In accordance with another embodiment of the present invention, a method to monitor performance may include collecting data related to performance of different domains in a system. The data collected from each of the different domains may be correlated over a common time period and the data collected for selected ones of the different domains may be displayed together in relation to the common time period.
In accordance with another embodiment of the present invention, a method to monitor performance may include accessing a probes application on a server via a browser to activate the probes application. The method may also include presenting at least one parameter selection page for a user to select parameters related to performance data in response to accessing the probes application. The method may further include retrieving performance data in response to the selected parameters.
In accordance with another embodiment of the present invention, a computer-readable medium having computer-executable instructions for performing a method that may include collecting performance data for different domains in a system. The method may also include correlating the data collected from each of the different domains over a common time period; and displaying the data collected for selected ones of the different domains together in relation to the common time period.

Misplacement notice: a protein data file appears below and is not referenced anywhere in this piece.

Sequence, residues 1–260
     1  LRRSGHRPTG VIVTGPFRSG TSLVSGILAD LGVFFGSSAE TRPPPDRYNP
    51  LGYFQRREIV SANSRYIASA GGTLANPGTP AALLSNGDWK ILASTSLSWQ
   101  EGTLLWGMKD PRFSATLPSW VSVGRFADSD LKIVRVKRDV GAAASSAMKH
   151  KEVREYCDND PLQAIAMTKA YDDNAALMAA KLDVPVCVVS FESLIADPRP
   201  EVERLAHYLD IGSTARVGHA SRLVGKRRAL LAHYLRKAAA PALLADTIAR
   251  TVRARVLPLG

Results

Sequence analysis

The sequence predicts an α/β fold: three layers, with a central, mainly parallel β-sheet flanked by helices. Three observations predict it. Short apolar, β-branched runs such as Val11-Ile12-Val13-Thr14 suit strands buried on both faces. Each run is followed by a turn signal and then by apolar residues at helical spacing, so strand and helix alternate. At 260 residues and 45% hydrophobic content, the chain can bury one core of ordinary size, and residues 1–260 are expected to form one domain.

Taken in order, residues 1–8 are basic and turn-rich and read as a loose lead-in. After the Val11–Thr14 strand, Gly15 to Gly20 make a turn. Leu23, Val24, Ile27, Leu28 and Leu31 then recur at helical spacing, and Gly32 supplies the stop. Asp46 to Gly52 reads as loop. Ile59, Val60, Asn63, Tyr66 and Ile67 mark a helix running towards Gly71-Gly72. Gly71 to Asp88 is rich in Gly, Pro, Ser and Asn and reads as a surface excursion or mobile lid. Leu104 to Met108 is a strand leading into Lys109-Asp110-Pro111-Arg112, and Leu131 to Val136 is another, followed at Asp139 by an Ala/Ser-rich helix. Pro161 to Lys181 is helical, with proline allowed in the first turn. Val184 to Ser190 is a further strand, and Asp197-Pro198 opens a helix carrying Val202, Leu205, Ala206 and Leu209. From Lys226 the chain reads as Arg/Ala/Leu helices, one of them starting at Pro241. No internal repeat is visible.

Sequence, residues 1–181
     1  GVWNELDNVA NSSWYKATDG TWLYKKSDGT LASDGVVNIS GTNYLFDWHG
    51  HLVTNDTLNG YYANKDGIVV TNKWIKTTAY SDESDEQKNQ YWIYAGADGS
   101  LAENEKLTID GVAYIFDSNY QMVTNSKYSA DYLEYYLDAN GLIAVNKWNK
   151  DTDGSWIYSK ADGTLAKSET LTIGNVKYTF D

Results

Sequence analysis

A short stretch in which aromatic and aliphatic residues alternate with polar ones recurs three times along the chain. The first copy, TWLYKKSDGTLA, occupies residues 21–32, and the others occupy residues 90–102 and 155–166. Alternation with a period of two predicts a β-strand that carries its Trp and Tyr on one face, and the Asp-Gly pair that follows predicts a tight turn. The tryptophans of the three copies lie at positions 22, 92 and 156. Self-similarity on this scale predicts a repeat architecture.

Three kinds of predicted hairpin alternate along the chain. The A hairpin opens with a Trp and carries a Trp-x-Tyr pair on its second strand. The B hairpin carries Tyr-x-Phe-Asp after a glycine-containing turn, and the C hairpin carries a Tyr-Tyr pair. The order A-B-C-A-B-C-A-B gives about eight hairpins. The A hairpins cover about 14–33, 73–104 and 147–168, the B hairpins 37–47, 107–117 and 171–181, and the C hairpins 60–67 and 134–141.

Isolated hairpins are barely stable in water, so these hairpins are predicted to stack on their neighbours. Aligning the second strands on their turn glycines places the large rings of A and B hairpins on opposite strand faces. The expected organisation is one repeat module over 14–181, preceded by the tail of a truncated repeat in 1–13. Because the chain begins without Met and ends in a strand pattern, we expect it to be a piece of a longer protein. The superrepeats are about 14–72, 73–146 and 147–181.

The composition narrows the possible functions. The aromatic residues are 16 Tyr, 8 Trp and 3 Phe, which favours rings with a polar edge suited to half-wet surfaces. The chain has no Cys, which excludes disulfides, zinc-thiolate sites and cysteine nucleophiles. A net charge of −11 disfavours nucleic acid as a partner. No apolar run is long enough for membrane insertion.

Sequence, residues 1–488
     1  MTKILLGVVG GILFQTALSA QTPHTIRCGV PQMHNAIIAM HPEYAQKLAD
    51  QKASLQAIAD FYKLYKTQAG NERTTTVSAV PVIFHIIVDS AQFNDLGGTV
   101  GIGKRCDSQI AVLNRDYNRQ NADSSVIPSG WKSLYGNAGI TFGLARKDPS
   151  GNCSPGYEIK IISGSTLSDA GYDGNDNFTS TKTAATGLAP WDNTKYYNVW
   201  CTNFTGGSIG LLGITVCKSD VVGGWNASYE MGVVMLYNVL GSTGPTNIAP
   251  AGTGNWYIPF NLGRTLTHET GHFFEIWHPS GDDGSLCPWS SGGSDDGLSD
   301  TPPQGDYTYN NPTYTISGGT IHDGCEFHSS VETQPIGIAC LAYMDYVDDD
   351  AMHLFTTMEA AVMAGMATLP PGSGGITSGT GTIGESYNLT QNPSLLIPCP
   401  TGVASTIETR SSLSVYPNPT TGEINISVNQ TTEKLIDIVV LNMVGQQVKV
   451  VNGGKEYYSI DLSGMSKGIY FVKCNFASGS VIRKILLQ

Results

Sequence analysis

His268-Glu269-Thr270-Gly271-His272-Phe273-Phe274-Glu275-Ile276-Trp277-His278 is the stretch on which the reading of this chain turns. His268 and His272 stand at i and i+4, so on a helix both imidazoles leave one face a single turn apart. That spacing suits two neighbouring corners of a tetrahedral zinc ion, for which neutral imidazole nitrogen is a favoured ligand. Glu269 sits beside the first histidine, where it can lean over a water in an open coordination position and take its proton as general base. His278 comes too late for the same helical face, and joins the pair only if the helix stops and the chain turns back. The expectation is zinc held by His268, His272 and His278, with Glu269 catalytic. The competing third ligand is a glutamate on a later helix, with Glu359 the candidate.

In accordance with another embodiment of the present invention, a method of making a system to monitor performance may include embedding a plurality of probes with at least one probe being embedded with each of a plurality of domains to collect performance data from the domain. The method may also include providing at least one base station to receive data from associated ones of the plurality of embedded probes.
The following detailed description of preferred embodiments refers to the accompanying drawings which illustrate specific embodiments of the invention. Other embodiments having different structures and operations do not depart from the scope of the present invention.